Entomologista wrote:>>Look, I played college hockey at my D3 private liberal arts school. It's one thing to have sports as an extracurricular because they are fun and being active is healthy. At the Big 12 university I attended for graduate school, I learned that college sports mean something else entirely at that level. It means having 10,000 people camped outside your apartment building all weekend. It means being woken up at 8 am on Saturday because the goddamn pep band is playing across the street. It means drunken fans pissing in your yard. It means that you can't leave your apartment because traffic is terrible. It means that a new coach is hired on at a huge salary but I can't take a graduate seminar class because of budget cuts. It means my student fees are increased to pay for a new stadium. I hate college sports and wish they were all eliminated.>>

  8. Redleg Says:

    Although I agree with much you said about the current student, I am somewhat bothered by your gibes about "business." I get the impression that you don't think highly of the study of business. Oddly enough, some of my business students express a similar attitude when they have to take my management-organizational behavior course. They think the subject is simply common sense and not necessary for their development into super-business-heroes. I just laugh at the end of the semester when very few earn As and most earn Bs and Cs with a few Ds and Fs scattered in to make the grade distribution interesting.

  9. Jado Says:

    "They come into college with the attitude that they will tell us what they want to be taught, not the other way around."

    Umm, yes. To a certain extent. I would prefer NOT to pay an exorbitant sum of money to learn the history of WWII, dumbed down sufficiently that the entire conflict can be "taught" over the course of 12 weeks, and consisting of the exact same information I learned in 6th grade…and then again in junior year of high school.

    As an engineering student, I honestly have no problem with "well-rounded" class requirements – I have a problem with specific classes being required, with no substitutions allowed because these classes are on the curriculum.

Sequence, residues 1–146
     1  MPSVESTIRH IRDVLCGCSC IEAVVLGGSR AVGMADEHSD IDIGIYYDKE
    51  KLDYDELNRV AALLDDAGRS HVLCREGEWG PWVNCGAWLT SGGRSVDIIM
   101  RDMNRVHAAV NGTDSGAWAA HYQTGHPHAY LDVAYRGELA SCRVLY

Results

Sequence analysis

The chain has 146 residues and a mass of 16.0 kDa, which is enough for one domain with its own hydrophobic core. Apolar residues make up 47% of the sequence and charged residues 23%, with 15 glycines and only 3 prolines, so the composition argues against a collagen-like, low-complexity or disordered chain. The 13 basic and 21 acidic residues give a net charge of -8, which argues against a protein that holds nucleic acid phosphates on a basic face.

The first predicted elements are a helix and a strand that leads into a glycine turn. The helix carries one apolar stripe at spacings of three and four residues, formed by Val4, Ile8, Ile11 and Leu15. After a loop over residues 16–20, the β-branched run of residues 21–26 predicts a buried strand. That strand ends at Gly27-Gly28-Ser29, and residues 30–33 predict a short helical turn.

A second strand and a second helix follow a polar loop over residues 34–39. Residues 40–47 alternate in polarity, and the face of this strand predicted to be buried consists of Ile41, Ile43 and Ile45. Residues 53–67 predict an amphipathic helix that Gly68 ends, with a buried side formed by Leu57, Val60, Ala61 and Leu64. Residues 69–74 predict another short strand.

I need a history class in order to graduate? Excellent, maybe I can learn something I don't know. I need to take THIS SPECIFIC class, which is a waste of my time and money? Hey, thanks. I'll be sure to keep this in mind when you call for alumni donations.

  10. Tosh Says:

    I made it clear to my students that I was here to teach them to think and learn for themselves and on an individual level, I would make the maze more difficult, depending on the student. This si why you are required to take classes you dont think you are interested in; to teach you HOW TO THINK AND LEARN. They didn't like it and no one got out unscathed. This brings me to @Beergoggles: You got the critical part out of the way with the compulsory ed in your country of origin; merkin HS DO NOT even come close to anything like that

    The situation is getting much worse; H Barbour want to fundamentally privatise MS high school by shifting those responsibilities and student to (wait for it…) COMMUNITY COLLEGES!!! You/we pay to learn what should have been learned.
    Barbour is a BIG FAN of community colleges..

  11. Townsend Harris Says:

    I've written this before:
    "You pretend to teach me, I'll pretend to learn" is the offer of corrupt undergraduates everywhere.
    "They pretend to pay us, we pretend to work" was the Soviet industrial worker's comment on the value of the ruble.

  12. Tosh Says:

    @Sarah: ANY science requires higher math; and most grad program requires stats (take the GRE). Math/number is the most logical, pure field of study and most definately will teach one to think. Any thing that make you think differently inherently makes you smarter; it uses different parts of the brain and opens one up to a different way of looking a things. You see the possibility…

  13. Tosh Says:

    @Sarah: Modern medicine is nothing more than a statistical analysis